The purpose of this “motivational opening’ is to bring us to this past week. An eternity since our childhood in New York. A friend of mine passed away and his passing brought back many of the feelings I described briefly above. He was young by today’s standards, 57 years old. He had battled MS for the past 18 years of his life. He contracted it when he was a young father of three kids and the husband of a young, devoted wife. It certainly doesn’t make sense according to any human logic I can muster. I had only known him for the last 10 years of his life. I had met him through his twenty-year-old daughter who was in a class I was teaching. When I first met him, the damned disease had already taken its toll. He was confined to a hospital bed in his home, with his wife as his Caregiver. MS has already robbed him of the use of his arms and legs. One can only imagine the tough duties associated with being his caregiver 24/7.

As I got to know him, sitting beside him in an armchair, as he lay in his bed, I found out that in high school he had excelled in athletics, playing baseball, basketball, and running track setting a record in the high jump in Texas and being the Quarterback of his HS football team. His wife showed me photos of when they had met in HS; there was no doubt, this guy was a stud: and, now this.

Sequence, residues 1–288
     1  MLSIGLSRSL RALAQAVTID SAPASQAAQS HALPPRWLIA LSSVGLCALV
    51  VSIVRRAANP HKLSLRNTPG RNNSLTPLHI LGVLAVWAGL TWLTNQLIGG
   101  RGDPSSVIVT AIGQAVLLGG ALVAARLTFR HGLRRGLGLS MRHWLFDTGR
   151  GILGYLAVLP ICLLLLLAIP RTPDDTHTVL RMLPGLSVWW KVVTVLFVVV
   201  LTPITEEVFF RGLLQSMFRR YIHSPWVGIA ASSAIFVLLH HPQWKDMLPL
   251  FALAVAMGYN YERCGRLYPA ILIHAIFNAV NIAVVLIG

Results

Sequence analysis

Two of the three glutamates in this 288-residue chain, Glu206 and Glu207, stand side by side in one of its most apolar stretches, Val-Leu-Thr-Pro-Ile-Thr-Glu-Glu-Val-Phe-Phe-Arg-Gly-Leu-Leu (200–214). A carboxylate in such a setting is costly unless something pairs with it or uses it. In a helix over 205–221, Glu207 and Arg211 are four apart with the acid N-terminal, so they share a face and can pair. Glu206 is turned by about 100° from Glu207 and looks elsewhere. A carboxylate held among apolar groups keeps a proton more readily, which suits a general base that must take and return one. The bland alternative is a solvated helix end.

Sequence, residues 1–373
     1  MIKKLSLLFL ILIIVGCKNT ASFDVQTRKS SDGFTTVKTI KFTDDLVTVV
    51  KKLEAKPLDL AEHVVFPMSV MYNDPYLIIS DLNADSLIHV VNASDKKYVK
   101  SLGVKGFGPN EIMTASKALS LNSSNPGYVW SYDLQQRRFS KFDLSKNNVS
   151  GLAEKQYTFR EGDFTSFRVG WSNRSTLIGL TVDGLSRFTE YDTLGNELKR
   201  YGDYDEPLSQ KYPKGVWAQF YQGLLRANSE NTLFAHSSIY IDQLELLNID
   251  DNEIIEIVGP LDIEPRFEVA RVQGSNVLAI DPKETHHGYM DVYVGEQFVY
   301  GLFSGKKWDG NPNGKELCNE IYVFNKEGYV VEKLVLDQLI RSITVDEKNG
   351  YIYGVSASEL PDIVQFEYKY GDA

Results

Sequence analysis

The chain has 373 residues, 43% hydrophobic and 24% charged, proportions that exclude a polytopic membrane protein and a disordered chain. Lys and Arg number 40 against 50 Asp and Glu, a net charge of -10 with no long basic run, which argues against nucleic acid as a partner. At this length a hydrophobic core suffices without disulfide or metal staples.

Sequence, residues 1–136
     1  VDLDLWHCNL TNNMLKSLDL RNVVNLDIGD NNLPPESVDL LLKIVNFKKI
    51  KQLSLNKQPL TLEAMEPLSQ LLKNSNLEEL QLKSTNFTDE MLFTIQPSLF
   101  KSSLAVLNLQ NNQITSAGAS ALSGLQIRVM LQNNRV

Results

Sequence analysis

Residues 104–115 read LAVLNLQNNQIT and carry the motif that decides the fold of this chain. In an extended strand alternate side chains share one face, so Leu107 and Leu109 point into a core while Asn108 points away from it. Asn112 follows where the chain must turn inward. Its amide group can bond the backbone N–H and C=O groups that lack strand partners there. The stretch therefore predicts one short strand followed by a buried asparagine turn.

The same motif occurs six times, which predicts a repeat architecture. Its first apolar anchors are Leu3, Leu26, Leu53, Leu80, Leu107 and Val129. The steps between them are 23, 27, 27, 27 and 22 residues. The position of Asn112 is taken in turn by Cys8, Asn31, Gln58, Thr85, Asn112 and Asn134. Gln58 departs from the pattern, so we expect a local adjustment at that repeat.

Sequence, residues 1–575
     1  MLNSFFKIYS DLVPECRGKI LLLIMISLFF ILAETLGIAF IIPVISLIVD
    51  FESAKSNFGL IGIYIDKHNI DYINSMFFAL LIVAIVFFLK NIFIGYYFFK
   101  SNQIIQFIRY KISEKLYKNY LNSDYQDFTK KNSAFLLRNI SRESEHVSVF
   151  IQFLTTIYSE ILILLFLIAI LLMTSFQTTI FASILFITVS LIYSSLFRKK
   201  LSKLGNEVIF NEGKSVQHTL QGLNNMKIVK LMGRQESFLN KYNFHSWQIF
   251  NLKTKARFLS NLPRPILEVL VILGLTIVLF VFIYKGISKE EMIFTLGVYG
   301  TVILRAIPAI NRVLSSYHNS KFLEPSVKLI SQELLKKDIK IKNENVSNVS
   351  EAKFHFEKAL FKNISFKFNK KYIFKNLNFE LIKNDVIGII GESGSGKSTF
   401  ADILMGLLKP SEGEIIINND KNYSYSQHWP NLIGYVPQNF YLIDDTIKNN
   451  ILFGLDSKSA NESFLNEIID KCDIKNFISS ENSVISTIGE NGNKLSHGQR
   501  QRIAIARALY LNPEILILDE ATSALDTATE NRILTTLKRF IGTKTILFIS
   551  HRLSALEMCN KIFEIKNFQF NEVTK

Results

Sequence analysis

Yet, what impressed me most about this guy was his beautiful, sweet attitude. I never, and I am not exaggerating here, saw him when he didn’t have a sweet, welcoming smile on his face. He never sounded bitter with the “unfair” hand he had been dealt. In the midst of his suffering, he always encouraged others. He never lost his faith, even when a year ago he made the decision to stop all treatments and go on Hospice. He lived out the last year of his stay on earth the same way he always had. Caring for his family and helping others. The last few weeks of his journey here were hard. Loss of any appetite, inability to breathe regularly, massive congestion in his lungs and on and on. Yet, when I had an opportunity to visit with him only weeks before he passed, he was smiling (as best as he could) and he wanted to know how I was doing. He died at home, surrounded by family. He passed in the arms of his loving wife.

One last point to show you what kind of guys he was. He and his wife loved flowers. He would always send her red roses for the special occasions. Not so much because she loved red roses, but because he loved them. He figured that the flowers would be displayed in the bedroom where his hospital bed was located, so he may as well send ones that he could enjoy. They both always laughed at this. His wife loved white roses, but he never sent white, because he loved the red.

On the morning after he passed. The doorbell to the home rang, and his grieving wife answered it. There stood a delivery guy from a local florist with a beautiful bouquet of white roses for her.

The card simply read: ‘I’ll love you forever”. Tears flowed.

He had arranged for them to be sent upon his death. White Roses.

That’s who he was.

It was a life well lived.

 

Don